# Logarithms of Negative and Imaginary Numbers

## GUIDE: Mathematics of the Discrete Fourier Transform (DFT) - Julius O. Smith III. Logarithms of Negative and Imaginary Numbers

It appears that you are using AdBlocking software. The cost of running this website is covered by advertisements. If you like it please feel free to a small amount of money to secure the future of this website.

NOTE: THIS DOCUMENT IS OBSOLETE, PLEASE CHECK THE NEW VERSION: "Mathematics of the Discrete Fourier Transform (DFT), with Audio Applications --- Second Edition", by Julius O. Smith III, W3K Publishing, 2007, ISBN 978-0-9745607-4-8. - Copyright © 2017-09-28 by Julius O. Smith III - Center for Computer Research in Music and Acoustics (CCRMA), Stanford University

<< Previous page  TOC  INDEX  Next page >>

## Logarithms of Negative and Imaginary Numbers

By Euler's formula, , so that

from which it follows that for any , .

Similarly, , so that

and for any imaginary number , , where is real.

Finally, from the polar representation forcomplex numbers,

where and are real. Thus, the log of the magnitude of a complex number behaves like the log of any positive real number, while the log of its phase term extracts its phase (times ).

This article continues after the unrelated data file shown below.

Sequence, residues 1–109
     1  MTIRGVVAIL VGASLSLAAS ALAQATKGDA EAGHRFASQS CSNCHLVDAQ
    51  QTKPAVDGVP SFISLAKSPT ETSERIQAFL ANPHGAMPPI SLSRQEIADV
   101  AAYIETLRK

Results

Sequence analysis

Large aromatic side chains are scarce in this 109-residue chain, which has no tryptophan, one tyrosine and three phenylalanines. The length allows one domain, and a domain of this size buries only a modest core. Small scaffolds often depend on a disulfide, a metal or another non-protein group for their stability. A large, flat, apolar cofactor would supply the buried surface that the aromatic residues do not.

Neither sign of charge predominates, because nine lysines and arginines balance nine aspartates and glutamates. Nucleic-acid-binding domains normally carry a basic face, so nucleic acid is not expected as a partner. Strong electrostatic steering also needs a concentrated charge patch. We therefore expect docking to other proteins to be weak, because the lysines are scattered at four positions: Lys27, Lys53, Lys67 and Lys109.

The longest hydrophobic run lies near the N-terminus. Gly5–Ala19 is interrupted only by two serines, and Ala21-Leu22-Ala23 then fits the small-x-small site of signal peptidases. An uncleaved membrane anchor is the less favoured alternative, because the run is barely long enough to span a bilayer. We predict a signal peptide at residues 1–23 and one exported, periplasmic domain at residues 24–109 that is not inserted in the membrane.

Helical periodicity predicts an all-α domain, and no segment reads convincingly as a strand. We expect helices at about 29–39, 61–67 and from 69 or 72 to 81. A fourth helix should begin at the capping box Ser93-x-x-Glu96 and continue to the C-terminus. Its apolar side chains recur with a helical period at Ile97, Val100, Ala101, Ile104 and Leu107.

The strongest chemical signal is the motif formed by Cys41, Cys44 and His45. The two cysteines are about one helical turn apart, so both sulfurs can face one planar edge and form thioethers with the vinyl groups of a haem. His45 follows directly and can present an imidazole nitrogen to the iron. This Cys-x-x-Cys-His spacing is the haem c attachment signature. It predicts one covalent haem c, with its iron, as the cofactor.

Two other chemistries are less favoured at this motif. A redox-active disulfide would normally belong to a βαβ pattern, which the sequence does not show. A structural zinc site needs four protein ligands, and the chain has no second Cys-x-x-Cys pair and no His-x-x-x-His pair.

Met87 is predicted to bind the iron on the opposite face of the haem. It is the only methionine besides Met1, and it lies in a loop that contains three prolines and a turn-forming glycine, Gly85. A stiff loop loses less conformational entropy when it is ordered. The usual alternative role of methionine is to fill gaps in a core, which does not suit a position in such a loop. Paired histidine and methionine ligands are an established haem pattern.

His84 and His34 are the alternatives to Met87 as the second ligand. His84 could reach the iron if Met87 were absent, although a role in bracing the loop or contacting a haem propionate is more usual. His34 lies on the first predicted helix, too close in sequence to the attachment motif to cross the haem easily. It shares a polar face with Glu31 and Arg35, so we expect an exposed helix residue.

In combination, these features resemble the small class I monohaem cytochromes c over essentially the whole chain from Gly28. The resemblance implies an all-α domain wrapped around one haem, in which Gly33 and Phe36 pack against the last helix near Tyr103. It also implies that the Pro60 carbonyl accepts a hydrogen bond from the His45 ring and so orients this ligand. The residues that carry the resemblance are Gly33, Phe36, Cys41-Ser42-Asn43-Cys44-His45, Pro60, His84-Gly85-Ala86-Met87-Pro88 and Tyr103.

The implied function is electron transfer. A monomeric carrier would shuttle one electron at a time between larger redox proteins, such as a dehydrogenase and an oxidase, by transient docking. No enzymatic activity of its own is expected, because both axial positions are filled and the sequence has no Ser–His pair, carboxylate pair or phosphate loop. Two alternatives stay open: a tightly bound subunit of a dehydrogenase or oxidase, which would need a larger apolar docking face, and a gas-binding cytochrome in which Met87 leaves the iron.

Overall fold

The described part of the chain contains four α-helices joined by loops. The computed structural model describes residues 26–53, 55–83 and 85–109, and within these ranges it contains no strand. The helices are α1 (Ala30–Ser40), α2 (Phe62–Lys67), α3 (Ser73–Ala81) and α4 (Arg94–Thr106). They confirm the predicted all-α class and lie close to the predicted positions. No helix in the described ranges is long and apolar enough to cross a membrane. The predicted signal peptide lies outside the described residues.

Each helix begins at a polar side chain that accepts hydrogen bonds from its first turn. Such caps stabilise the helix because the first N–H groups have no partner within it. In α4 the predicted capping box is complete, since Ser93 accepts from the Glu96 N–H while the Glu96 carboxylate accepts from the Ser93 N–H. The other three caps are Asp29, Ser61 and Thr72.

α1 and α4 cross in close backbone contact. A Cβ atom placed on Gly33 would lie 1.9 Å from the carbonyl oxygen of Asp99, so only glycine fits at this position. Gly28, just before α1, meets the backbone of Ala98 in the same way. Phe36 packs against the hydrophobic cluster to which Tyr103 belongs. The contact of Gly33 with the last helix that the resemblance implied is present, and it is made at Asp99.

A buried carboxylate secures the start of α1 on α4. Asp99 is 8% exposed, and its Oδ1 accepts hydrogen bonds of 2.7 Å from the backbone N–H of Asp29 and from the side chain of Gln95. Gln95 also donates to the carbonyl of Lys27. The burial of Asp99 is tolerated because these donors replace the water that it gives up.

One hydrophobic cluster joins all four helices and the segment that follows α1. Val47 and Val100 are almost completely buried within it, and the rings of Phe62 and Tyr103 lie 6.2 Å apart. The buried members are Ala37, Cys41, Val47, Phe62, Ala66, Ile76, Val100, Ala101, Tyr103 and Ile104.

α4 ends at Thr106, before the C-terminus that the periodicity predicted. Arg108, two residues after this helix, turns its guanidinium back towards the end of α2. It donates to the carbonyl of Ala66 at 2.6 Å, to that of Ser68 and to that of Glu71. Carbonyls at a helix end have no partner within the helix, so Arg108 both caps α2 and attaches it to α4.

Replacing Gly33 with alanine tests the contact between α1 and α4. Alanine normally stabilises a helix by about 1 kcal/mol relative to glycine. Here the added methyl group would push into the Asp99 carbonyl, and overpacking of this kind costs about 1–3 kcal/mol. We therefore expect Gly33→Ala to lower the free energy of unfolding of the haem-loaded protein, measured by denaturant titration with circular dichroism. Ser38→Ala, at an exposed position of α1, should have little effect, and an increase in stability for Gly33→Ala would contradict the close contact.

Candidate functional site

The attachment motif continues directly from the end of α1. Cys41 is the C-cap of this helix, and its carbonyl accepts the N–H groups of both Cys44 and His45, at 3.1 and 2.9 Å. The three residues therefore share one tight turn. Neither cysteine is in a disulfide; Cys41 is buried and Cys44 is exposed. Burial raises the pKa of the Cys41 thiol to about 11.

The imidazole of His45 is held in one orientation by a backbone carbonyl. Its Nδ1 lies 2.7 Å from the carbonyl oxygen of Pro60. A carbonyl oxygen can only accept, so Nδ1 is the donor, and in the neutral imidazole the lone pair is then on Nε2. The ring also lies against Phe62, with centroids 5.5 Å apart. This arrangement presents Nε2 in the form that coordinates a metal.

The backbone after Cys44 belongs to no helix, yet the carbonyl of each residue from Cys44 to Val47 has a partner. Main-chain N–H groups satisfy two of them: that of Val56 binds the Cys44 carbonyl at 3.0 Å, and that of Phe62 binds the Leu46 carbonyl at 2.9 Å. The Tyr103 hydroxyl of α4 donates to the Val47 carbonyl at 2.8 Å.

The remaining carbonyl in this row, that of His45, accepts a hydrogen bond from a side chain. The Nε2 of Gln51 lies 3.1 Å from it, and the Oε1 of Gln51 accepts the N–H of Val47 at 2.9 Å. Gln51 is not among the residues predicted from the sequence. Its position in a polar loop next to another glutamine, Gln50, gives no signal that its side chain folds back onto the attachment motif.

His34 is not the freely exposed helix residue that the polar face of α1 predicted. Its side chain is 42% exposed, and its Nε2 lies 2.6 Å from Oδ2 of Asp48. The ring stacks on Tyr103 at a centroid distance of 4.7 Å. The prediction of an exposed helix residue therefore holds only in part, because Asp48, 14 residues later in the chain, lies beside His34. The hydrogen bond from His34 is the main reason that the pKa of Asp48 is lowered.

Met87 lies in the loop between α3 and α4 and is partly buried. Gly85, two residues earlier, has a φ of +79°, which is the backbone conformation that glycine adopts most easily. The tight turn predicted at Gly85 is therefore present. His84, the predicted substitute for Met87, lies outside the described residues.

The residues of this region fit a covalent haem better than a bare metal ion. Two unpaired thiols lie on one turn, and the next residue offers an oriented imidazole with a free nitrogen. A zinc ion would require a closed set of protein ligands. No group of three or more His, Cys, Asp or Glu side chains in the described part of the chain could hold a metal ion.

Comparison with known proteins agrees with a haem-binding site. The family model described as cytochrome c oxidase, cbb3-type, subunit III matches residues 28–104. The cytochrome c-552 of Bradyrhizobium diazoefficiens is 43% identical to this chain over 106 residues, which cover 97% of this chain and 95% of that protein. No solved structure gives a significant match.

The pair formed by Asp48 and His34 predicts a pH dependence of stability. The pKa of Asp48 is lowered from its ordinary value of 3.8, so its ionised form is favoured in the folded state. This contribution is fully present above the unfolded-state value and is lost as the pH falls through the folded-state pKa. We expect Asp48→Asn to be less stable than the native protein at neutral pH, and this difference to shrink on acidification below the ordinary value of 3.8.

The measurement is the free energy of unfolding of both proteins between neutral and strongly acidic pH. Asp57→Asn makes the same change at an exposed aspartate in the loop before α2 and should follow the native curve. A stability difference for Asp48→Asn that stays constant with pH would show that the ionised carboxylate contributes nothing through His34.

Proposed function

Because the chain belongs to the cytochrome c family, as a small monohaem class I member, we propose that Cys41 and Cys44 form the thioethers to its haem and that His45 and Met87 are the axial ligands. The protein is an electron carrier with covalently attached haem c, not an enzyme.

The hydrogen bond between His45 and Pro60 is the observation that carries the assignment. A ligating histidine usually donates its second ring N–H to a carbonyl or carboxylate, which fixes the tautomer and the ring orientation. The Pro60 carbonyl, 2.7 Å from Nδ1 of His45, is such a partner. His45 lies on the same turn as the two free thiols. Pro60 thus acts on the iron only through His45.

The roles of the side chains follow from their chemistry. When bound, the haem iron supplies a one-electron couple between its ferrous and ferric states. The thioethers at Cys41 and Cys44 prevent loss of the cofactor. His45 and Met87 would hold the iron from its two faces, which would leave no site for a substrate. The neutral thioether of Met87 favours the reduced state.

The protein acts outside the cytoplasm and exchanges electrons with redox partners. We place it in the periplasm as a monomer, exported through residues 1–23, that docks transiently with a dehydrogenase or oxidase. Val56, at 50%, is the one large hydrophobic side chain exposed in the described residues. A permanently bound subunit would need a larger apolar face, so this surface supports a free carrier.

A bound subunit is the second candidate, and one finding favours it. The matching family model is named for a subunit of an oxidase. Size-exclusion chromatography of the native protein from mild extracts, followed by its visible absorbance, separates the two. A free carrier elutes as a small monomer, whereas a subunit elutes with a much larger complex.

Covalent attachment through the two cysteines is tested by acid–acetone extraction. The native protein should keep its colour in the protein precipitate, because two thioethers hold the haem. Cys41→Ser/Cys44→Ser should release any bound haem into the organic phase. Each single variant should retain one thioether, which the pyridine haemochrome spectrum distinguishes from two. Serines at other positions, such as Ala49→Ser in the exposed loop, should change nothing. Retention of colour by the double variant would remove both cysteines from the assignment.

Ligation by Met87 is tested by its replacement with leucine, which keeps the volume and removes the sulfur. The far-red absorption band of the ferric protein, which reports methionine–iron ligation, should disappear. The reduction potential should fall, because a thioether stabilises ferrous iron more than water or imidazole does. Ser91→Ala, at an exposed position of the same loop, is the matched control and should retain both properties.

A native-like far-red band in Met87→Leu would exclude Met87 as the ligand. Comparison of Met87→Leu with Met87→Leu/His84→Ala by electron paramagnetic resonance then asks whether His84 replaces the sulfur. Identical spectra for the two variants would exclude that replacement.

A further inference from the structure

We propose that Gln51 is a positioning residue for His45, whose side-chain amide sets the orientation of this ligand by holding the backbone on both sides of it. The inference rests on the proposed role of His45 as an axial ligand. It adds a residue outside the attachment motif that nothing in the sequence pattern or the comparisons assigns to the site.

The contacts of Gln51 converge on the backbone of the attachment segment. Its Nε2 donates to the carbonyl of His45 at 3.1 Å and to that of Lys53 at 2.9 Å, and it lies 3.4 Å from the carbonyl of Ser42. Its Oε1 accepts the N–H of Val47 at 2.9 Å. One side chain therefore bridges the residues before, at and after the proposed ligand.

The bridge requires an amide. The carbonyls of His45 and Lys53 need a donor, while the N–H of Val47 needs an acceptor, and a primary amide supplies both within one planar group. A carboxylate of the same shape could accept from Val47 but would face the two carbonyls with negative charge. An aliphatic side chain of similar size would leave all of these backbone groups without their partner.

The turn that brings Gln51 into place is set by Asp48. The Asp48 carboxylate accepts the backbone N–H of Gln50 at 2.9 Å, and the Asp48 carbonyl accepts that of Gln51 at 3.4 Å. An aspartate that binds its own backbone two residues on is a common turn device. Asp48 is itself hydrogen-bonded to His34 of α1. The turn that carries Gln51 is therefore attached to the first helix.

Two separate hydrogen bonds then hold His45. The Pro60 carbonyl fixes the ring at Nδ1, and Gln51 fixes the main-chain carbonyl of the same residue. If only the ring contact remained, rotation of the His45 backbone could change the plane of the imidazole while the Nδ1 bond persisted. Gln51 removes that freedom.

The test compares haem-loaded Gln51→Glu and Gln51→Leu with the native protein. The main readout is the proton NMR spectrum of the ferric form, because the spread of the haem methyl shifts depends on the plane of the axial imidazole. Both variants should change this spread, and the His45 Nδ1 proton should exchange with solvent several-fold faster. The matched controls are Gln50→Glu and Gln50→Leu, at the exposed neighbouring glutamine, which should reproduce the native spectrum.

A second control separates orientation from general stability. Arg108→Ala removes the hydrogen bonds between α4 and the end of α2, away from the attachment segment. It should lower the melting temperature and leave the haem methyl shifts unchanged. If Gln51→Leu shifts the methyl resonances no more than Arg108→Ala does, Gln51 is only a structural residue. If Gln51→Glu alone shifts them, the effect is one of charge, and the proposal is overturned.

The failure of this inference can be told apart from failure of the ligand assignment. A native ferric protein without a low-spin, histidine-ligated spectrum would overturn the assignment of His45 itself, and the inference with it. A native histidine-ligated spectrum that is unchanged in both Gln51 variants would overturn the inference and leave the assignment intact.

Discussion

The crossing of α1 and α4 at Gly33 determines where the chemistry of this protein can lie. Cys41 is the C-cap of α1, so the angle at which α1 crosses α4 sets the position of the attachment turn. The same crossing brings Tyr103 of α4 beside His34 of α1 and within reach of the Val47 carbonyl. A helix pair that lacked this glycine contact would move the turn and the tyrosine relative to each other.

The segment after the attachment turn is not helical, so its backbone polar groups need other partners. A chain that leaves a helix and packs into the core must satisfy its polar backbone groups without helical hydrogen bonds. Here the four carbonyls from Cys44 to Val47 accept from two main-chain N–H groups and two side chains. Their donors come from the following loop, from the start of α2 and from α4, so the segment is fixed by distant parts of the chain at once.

As an example of the use of logarithms in signal processing, note that the negative imaginary part of the derivative of the log of aspectrum is defined as the group delay4.1of the signal :

Another usage is in Homomorphic Signal Processing [8, Chapter 10] in which the multiplicative formants in vocal spectra are converted to additive low-frequency variations in the spectrum (with the harmonics being the high-frequency variation in the spectrum). Thus, the lowpass-filtered log spectrum contains only the formants, and the complementarily highpass-filtered log spectrum contains only the fine structure associated with the pitch.
Exercise: Work out the definition of logarithms using a complex base .

<< Previous page  TOC  INDEX  Next page >>